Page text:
Admittedly, aside from my fellow Babble blogger and new friend, I never knew anyone who had a miscarriage. Or so I thought. It wasn’t until after I miscarried my twins at 17 weeks that I began to hear from family members and old friends who had also suffered this awful loss. I began to think about how infrequently we, as a culture, speak about miscarriage. Personally, I couldn’t imagine remaining silent about this (with or without my blog). Sure, I know everyone handles loss differently, and I am certainly not judging those who don’t speak about it. But my heart breaks for the women who feel as though they can’t speak about it because our culture has made the topic taboo, and our cultural silence surrounding miscarriage somehow implies shame or fault. That, I am not okay with. While I don’t wish for anyone to experience what it’s like firsthand, I do think it’s critically important to talk about miscarriage and to share what we know and have learned from our own experiences with others. Heck, I was a miscarriage ignoramus before December 22. I wish I didn’t know this stuff because of my own loss. I wish I hadn’t learned these terms because of my own loss. But now that I do know this stuff, now that I have learned these terms, I want others to know about this should they ever find themselves in the utmost unfortunate and tragic situation of losing a baby in the second trimester — or ever, really.
Preterm Premature Rupture of the Membrane, or PPROM, is the fancy medical term used when a woman’s water breaks before it’s supposed to. This is part of what happened to me during my 2nd-trimester miscarriage, but no one knows why.
2. Incompetent Cervix
An incompetent cervix is one that begins to open before a baby is born. This isn’t something any of my doctors are willing to diagnose me with because we don’t know if my water broke because my cervix began to open or if my cervix began to open because my water broke. I can only win this official diagnosis if I miscarry again during the second trimester, and — trust me — I’d happily go without this diagnosis.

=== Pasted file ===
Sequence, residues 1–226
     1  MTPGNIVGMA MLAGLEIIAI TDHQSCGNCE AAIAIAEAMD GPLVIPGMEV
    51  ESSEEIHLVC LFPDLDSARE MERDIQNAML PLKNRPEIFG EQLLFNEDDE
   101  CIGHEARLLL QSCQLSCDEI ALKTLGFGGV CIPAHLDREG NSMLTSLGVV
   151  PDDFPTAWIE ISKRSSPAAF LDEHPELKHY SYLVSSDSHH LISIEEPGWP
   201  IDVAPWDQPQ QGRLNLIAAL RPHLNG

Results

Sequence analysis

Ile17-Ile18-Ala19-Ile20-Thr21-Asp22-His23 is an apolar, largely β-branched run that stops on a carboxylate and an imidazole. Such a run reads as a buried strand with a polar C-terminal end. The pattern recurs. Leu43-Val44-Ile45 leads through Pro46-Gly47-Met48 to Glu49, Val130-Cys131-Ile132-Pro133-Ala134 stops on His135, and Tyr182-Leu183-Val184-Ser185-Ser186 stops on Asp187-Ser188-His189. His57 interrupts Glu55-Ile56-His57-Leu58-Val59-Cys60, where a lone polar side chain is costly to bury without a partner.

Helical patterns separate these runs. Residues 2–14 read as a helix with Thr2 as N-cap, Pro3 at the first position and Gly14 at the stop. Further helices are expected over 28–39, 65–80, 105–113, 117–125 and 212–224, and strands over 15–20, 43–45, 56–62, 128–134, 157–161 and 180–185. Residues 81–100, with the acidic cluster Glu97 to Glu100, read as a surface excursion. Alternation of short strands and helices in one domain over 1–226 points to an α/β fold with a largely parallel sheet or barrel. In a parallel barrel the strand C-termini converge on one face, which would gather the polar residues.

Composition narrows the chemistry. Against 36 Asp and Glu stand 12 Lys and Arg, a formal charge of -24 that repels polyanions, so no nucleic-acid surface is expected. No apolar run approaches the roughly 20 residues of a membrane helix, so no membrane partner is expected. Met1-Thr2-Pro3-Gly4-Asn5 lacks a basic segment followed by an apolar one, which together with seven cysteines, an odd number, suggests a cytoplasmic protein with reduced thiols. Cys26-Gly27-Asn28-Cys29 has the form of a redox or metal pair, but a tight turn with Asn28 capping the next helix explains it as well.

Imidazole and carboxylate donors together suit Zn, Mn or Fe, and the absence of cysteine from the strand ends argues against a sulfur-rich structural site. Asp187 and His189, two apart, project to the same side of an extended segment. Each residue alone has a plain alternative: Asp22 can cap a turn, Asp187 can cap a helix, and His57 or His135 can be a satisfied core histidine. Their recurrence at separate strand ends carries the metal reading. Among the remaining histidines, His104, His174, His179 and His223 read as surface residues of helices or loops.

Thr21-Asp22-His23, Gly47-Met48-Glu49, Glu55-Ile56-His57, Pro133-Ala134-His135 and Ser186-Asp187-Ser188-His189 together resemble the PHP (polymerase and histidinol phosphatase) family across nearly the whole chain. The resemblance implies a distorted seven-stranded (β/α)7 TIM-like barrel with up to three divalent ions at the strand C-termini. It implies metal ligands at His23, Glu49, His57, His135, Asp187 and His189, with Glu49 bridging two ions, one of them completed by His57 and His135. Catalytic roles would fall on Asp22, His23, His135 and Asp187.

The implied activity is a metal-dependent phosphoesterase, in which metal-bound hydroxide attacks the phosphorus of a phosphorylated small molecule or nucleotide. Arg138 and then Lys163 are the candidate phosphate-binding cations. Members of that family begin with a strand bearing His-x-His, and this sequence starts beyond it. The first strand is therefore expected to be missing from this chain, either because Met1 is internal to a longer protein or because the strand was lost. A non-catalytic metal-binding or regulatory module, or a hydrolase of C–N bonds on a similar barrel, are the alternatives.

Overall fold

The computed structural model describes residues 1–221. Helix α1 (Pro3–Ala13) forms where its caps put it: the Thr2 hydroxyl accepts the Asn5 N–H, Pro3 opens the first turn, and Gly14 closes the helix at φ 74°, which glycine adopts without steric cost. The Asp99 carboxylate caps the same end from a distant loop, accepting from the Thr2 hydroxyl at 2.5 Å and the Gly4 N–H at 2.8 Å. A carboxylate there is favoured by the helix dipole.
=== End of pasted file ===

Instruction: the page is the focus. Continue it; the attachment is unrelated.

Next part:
3. Antiphospholipid Syndrome
This super-long term has a more common name, Hughes Syndrome, and it’s often called “sticky blood syndrome.” Basically, women with it have an increased tendency to form clots in blood vessels, which can affect the placenta by mistakenly attacking it and resulting in a miscarriage, usually during the second or third trimester. This is something I will be getting tested for, and if I do end up having it, it’s completely treatable during pregnancy with daily anticoagulants.
4. Spontaneous Abortion
This is actually the medical term for miscarriages. I take issue with both terms: spontaneous abortion and miscarriage. First, the word abortion has so much social and moral negativity associated with it. Second, miscarriage implicitly suggest that the woman did something wrong (i.e. I miscarried). Alas, both terms stink in my book, but are our only two options for describing what happened.
5. Incomplete Miscarriage
An incomplete miscarriage is when tissue from the pregnancy remains in the uterus even after bleeding has begun. An incomplete miscarriage will either run its course when all pregnancy tissue has left the uterus, or a woman will have to seek treatment to have the remaining tissue removed.
6. Septic Miscarriage
This was what my doctors were most worried about. Because one of my twins’ water broke, the risk for infection to the uterus and to me was drastically increased. If an infection spreads to other parts of the body during pregnancy, sepsis can occur — and is potentially deadly.
7. Cervical Cerclage
Because we’ll never know if my water broke because my cervix began to dilate or if my cervix began to dilate because my water broke, there’s been talk of a possible cervical cerclage. Doctors would basically stitch my cervix shut to prevent it from prematurely opening. I could opt to do this at about 14 weeks, or I could be monitored weekly to check if my cervix is beginning to open and have the procedure done at that point. I’m still undecided about any of this.
8. Miscarriage Vs. Stillbirth
I was 17 weeks and 1 day when I miscarried my twins. I had begun to show — quite a bit. Many people have asked me why my pregnancy loss isn’t considered a stillbirth. The doctors have told me that any loss before 20 weeks is considered a miscarriage, while any loss after 20 weeks is considered a stillbirth.
9. Shortened Cervix
A shortened cervix is often also called an incompetent cervix, or is referred to as cervical inefficiency. It may efface and dilate without contractions in the second or early third trimester as the weight of the growing baby puts increasing pressure on it.
10. Rainbow Baby
This is my favorite term (and not because I’m gay!). This term is the only term with any positive connotation behind it. A rainbow baby is one that comes from a successful pregnancy after a miscarriage. I cannot wait to meet our rainbow baby.